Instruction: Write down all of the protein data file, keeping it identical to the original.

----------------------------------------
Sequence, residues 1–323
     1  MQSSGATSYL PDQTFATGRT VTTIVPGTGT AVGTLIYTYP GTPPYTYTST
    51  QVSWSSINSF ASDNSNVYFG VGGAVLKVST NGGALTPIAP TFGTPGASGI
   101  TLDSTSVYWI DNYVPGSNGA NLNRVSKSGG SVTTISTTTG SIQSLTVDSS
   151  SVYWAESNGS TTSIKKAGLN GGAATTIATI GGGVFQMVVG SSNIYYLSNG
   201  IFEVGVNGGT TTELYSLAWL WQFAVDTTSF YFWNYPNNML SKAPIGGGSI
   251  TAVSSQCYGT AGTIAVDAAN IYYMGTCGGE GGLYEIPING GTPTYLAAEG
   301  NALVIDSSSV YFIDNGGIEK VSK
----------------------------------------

Sequence, residues 1–323
     1  MQSSGATSYL PDQTFATGRT VTTIVPGTGT AVGTLIYTYP GTPPYTYTST
    51  QVSWSSINSF ASDNSNVYFG VGGAVLKVST NGGALTPIAP TFGTPGASGI
   101  TLDSTSVYWI DNYVPGSNGA NLNRVSKSGG SVTTISTTTG SIQSLTVDSS
   151  SVYWAESNGS TTSIKKAGLN GGAATTIATI GGGVFQMVVG SSNIYYLSNG
   201  IFEVGVNGGT TTELYSLAWL WQFAVDTTSF YFWNYPNNML SKAPIGGGSI
   251  TAVSSQCYGT AGTIAVDAAN IYYMGTCGGE GGLYEIPING GTPTYLAAEG
   301  NALVIDSSSV YFIDNGGIEK VSK